Treatment for Internal Parasites
Just like we can become infected with parasites, our furry friends are at risk of infection, which can impact their health and lead to worse conditions. Many people are familiar with external parasites such as ticks or fleas while internal parasites may be harder to detect. That's why prevention is so crucial, and if your pet has parasites, prompt diagnosis and treatment is essential for your pet to remain healthy. Many parasites can also infect humans as well.
Many internal parasites attach to your pet's intestines. These include a variety of worms along with giardia and coccidia, which can affect both dogs and cats. There are differences in how pets react to certain parasites, however. For example, heart worms can infect and multiply in dogs until a single animal is infected with hundreds of worms. It's less likely for cats to become infected like this because worms typically cannot reach the adult stage in felines; however, they can still do a lot of damage.
Pets can contract parasites in a variety of ways. Heartworm can be transmitted from a mosquito bite while contact with infected soil, food, water, or feces can lead to parasitic infections. Your pets may become infected with tapeworms after eating a small animal or insect that has tapeworms.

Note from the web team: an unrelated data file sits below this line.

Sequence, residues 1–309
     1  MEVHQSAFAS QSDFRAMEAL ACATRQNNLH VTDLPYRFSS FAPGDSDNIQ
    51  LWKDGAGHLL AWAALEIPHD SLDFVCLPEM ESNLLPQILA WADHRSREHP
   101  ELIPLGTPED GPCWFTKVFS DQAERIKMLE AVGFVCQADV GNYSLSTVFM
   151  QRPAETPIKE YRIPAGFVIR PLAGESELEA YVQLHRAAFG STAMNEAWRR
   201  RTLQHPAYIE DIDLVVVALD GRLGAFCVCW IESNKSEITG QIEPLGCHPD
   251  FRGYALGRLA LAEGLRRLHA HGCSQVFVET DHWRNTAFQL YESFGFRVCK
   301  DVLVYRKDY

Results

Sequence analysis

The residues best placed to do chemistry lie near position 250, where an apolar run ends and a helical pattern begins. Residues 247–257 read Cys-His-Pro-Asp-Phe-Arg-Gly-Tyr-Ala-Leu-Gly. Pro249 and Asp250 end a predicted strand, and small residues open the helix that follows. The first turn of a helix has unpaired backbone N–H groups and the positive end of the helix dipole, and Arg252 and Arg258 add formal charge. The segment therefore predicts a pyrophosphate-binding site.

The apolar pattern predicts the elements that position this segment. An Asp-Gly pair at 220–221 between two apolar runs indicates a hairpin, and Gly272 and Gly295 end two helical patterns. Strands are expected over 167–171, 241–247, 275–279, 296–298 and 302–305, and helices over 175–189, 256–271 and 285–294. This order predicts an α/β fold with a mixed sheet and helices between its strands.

Parasites are difficult because many are so small that you cannot see signs of them. The exception to this is tapeworms, which look like pieces of rice that can be seen in a pet's stool and around their rectum, and roundworms which may appear in fecal matter and vomit. Keep an eye out for the following signs of parasites in your pets:
- Weight loss
- Distended stomach
However, your beloved pet can be infected without any outward sign of infection, which is why annual veterinary checkups are crucial to diagnosing parasites. Have any new pets examined before they come into contact with your pets to prevent further transmission of internal parasites.
Fortunately, you can prevent some infections. Monthly heartworm pills are available for dogs and cats, and this medication can prevent other types of parasitic infections. Your vet can provide a prescription for these products. Most products come in cat and dog varieties, and you should not use parasite medicine for dogs on your cat and vice versa. Collars and topical medicines also serve this purpose.
If you suspect your pet has a parasite, seek help from a veterinarian as soon as possible. Many prevention methods function as treatment as well. For example, monthly cat treatments actually kill parasites already in their system rather than preventing new infections.
Help with Parasites in Stockton
For more information, call Venetian Pet Hospital at (209) 477-3926!